How Biometric Authentication Champions Inclusivity in Payments

During our blog series on the topic of financial inclusion, we have already explored how the challenge of the financial inclusion gap can be overcome through a number of new solutions, improving financial inclusivity for all.

Biometric Authentication for Inclusivity

By integrating a fingerprint sensor into a contactless payment card, biometrics provides an effective means of ensuring financial inclusion for a wide variety of vulnerable demographics. This approach can enable the unbanked to access financial resources, and help those with visual or cognitive impairements navigate modern payment methods. South America has already turned to biometrics to effectively authenticate the identities of previously unbanked people wishing to open bank accounts and in India pension fraud has decreased by 47% since bypassing the need for prior credit ratings.

The latest biometric technology actually works to support inclusion in more than one way. Biometric smart cards feature a fingerprint sensor. Once users register their fingeprint on their card, their biometric data is encrypted and securely stored on the card. They can then make uncapped contactless transactions, using their fingerprint to securely and conveniently authenticate payments. This bypasses any sensory barriers for those who are visually impaired, like manually entering a PIN or risking your code being overseen and stolen. It also helps those with Alzheimer’s or dementia make payments independently and with peace of mind, forgoing the need to remember PINs.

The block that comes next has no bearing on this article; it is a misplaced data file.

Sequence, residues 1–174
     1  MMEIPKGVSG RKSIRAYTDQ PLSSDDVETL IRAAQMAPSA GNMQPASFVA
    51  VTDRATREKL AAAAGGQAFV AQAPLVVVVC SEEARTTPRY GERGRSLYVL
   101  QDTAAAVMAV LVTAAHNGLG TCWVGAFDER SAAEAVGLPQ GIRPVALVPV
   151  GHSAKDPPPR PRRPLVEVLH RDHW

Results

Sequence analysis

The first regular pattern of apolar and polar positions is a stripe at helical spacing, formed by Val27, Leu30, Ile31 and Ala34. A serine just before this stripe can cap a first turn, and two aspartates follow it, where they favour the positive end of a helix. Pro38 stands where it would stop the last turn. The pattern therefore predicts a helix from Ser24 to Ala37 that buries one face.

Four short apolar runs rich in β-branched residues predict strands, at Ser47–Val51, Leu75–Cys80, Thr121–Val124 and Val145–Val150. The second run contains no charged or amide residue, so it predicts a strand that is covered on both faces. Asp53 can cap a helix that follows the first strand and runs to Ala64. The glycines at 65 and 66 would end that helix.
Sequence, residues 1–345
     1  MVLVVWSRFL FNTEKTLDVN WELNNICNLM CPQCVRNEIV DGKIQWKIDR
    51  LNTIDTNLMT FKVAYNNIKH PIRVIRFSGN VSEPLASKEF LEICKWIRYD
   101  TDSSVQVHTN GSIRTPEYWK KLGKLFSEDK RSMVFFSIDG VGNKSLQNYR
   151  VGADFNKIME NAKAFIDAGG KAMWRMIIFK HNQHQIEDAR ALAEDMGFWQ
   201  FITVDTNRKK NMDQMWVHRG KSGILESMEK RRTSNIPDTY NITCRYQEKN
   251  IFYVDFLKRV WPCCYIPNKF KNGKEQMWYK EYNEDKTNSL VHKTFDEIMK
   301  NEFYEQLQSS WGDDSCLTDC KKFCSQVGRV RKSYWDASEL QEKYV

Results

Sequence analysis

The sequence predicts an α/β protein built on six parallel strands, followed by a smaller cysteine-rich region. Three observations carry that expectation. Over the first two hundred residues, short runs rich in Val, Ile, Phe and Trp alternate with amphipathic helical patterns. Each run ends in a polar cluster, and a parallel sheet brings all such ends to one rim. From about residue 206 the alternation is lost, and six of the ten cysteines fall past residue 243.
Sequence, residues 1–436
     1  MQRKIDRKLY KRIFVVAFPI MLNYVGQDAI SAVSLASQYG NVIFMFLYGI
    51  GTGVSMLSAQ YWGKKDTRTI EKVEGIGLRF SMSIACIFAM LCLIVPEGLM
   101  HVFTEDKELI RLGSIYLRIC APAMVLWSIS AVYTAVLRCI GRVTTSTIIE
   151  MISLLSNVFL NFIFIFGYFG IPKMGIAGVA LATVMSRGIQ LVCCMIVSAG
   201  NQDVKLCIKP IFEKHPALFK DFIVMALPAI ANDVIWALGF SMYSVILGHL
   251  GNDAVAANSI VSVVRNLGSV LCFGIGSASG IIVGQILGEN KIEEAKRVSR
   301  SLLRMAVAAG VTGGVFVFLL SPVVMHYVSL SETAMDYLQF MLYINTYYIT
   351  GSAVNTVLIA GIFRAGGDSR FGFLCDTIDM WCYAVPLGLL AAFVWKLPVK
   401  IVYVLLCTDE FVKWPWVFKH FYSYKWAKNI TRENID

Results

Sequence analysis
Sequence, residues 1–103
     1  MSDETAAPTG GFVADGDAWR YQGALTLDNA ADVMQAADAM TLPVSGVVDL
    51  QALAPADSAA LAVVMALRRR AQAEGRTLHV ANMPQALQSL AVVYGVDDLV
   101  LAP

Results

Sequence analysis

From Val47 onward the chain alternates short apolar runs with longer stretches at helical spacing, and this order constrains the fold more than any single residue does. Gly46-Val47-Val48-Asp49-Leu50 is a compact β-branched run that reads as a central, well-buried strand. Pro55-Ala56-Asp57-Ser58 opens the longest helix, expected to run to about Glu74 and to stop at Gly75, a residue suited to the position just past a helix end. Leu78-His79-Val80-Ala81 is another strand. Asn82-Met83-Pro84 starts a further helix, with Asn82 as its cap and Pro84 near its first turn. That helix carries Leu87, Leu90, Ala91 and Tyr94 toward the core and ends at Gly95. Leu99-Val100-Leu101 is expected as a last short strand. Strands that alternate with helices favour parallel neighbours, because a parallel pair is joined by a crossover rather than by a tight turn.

The Safe Way To Make Transactions

Thanks to the nature of biometric authentication technology, there are significantly reduced concerns about data security or misuse of the card. As each of us has unique biometric markers, choosing a payment card with a fingerprint sensor built in is an ideal way for users to feel confident that their card will not be open to fraudulent use by anybody else. And, as previously explained, the card safely secures the user’s data on the chip, rather than leaving it open to potential attack by hackers targeting servers or clouds.

In addition to these significant security benefits, the biometric payment card also delivers a highly convenient and simple way for everyone in society to carry out transactions. Those with learning difficulties or memory issues don’t need to worry about remembering a password or PIN. With a biometric smart payment card, the user’s fingerprint becomes their password. This is particularly useful as new studies have found that users, on average, have to remember 100 passwords across various cards and online accounts, for various purposes.

A Technology with Many Benefits

Smart payment cards can clearly be a highly effective means by which to improve financial inclusivity for all, as well as provide other impressive benefits, such as superior data security and exceptional ease of use. The biometric card sector is predicted to grow in value to $87.4 billion by 2028 [1], suggesting that this powerful technology will soon be prevalent in tackling the challenges of financial inclusion globally.